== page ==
Dealing with Eco-grief
Dealing with Eco-grief

Dealing with Eco-grief

Guest Writer: Elaine Jackson

There must be those among whom we can sit down and weep, and still be counted as warriors.
~ Adrienne Rich

Being an environmentalist in Ontario right now is really hard. Obviously, the past three years have been frustrating and heartbreaking. It’s hard to manage the eco-grief, and the eco-anger. It’s hard to keep going. And even those who haven’t been watching and paying attention to environmental issues may be feeling sadness and despair as the long-predicted consequences of climate change and pollution begin to affect us in very real ways.

What is eco-grief?

The first step in dealing with these difficult emotions in response to the environmental crisis is to recognize two things: one, grief, sadness, anxiety (and a whole range of other feelings) are a completely rational response to this situation. Anyone who is paying attention should be alarmed, it’s just a matter of assessing the volume of our emotions and whether they are creating a mild, moderate, or debilitating level of distress. Acknowledging rather than repressing these feelings is the doorway to finding support and comfort. And two, although this may come as a shock, we were never designed to be happy all the time. Sadness, grief, and anger may be unpleasant, but in the absence of other mental health issues, we can have these emotions and still carry on productive and meaningful lives.

How do we handle it? By going in and going out

As we walk this road, which is new territory for all of us, I think that we have to work in two directions at once if we are going to make a difference. We have to go in, and we have to go out. We have to go small and we have to go big.

By going in, I mean that we need to practice self-care for our hearts and minds. We have to sit still and give ourselves space to feel what we’re feeling, and also we have to titrate how much despair and gloom we take in. Too much doom-scrolling on the internet leads to paralysis and hopelessness. But if we refuse to acknowledge our fears and feelings we’re likely to numb out on Netflix, or drown our sorrows in food, alcohol, or shopping—and nothing will be done.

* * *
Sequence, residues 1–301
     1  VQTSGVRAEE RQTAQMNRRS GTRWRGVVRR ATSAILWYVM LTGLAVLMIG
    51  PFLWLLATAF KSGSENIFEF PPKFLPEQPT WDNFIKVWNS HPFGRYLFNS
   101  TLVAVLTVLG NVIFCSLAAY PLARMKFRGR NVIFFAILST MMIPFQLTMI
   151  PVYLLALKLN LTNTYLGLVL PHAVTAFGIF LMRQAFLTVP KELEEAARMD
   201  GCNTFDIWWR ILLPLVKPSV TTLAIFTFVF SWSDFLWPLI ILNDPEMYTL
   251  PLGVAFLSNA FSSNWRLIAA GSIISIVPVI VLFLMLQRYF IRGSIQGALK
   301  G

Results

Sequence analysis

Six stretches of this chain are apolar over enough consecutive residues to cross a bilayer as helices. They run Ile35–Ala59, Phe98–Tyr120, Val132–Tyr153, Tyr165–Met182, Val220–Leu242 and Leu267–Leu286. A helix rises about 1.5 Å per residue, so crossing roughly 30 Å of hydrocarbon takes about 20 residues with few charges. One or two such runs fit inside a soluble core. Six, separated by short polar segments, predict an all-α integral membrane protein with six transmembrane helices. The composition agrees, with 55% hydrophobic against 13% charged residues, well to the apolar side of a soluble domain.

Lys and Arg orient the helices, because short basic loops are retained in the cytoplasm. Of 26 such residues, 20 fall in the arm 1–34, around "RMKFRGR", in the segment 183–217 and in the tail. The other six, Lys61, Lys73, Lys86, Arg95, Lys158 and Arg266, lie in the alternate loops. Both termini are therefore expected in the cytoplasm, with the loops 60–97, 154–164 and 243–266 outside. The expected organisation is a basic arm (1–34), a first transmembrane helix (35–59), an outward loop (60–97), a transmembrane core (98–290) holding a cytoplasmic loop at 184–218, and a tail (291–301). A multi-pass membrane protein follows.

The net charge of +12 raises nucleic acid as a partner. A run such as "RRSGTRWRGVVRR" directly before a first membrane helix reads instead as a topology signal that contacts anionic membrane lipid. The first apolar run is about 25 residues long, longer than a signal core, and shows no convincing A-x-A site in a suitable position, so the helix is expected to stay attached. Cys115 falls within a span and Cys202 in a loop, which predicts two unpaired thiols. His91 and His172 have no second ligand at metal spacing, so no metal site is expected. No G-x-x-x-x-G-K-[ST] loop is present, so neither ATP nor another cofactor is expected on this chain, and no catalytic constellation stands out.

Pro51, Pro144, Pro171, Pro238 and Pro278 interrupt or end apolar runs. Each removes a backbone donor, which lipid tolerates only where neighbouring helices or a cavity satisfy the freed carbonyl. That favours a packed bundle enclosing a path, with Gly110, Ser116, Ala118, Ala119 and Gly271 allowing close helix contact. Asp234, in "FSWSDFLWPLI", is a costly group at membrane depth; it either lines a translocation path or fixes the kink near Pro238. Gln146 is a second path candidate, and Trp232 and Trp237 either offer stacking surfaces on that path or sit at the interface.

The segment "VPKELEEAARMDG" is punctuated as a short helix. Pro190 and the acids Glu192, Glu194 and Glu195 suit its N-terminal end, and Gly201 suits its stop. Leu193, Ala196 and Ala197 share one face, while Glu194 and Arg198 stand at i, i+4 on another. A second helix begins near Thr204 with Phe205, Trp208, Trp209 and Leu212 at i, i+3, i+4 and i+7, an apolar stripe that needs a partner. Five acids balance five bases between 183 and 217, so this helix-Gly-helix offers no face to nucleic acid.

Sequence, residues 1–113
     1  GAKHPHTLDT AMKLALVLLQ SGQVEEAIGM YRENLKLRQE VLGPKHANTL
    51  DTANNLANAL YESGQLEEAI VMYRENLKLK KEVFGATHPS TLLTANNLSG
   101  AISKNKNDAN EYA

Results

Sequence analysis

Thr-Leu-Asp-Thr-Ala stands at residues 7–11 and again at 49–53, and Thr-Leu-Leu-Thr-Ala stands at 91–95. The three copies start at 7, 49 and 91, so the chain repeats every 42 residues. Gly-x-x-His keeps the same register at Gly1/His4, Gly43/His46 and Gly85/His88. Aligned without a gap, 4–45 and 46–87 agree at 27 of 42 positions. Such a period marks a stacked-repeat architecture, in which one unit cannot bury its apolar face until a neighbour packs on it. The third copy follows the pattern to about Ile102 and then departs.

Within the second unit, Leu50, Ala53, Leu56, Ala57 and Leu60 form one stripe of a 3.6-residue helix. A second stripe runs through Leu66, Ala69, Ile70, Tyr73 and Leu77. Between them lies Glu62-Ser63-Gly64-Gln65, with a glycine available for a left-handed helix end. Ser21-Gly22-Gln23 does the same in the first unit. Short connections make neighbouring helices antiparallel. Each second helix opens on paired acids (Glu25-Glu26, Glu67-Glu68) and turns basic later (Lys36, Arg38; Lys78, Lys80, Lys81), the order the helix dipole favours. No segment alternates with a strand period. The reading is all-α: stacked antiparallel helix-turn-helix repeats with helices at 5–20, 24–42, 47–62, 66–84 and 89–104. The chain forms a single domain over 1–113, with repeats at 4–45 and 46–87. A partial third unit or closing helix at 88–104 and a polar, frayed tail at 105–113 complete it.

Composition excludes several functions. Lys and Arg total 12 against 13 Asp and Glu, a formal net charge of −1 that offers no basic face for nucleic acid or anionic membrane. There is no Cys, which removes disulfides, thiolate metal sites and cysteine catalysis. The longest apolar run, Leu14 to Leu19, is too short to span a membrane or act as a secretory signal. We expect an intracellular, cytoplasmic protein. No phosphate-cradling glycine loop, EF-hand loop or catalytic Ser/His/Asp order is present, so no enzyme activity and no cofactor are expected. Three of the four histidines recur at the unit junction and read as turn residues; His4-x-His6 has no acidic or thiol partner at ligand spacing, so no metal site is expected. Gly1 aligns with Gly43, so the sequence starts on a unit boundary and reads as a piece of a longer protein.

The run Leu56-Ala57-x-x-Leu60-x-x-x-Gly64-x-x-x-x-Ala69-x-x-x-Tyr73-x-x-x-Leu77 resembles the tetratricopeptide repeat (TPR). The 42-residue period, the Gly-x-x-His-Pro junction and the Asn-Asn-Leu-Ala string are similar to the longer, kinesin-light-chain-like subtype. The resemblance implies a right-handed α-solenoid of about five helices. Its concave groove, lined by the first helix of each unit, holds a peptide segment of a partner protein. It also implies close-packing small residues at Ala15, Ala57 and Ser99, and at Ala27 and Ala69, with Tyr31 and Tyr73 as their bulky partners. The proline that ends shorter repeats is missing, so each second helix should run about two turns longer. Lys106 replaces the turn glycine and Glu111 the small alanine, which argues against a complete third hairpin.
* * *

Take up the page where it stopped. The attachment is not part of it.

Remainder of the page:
Constructive ways to deal with these difficult emotions include artistic expression, counseling, meditation, music, yoga or exercise, and learning psychological or cognitive techniques designed to self-soothe. We’ll come back to these topics in future posts.

By going out, I mean getting involved in doing something. Pick an area you are particularly worried or upset about, or conversely that really lights you up, and then do some research. If for example, you’re interested in preserving a local wetland find out if there are a group of people already working on that. Educate yourself about the environmental organizations in your town, city or province. Sit down and figure out what you could manage in the way of contribution. Maybe you’re swamped and exhausted at work, but you could afford a regular monthly donation to an existing group. Maybe you’re short on money, but you could donate some time to organize a fundraiser, share social media posts, or write to your MPP. Getting involved can help move you out of hopelessness and sadness. The other huge advantage is that you can find support, and offer support, to other people who also care about your issue.

We can also go big and go small

As for going small and going big, going small means to really look at our own ethics and lifestyle choices. How can we change our purchasing, our daily choices, our holiday plans? And going big means looking at our cultural narratives, our consumerism, our willingness (or not) to pay more taxes or do without environmentally detrimental practices (like cheap seafood harvested with devastating consequences to other wildlife). Going big requires political will, consensus-building, and some agreement on collective values. The environmental crisis requires that we engage and act at both of these levels. Consumer choices alone will not make enough of a difference in the time that we have left.

We can turn thing around

I firmly believe that we still have the capacity to turn things around, and at least mitigate the damage to this beautiful planet that we share. We have the technology, we have the knowledge, and we have the inner tools that we need to make the transition. We’ll need to cooperate, change our expectations, and imagine different ways of doing and being, but we are beings who can adapt and be resilient when we choose to. What we mainly need now is the willingness and courage to take the first steps.

About Elaine
Elaine Jackson is a writer and yoga/meditation teacher who lives in rural East Gwillimbury, Ontario. Her book, Enough Already: 7 Yoga-Inspired Steps to Calm Amid Chaos is available at your local bookstore or on Amazon. You can find her at

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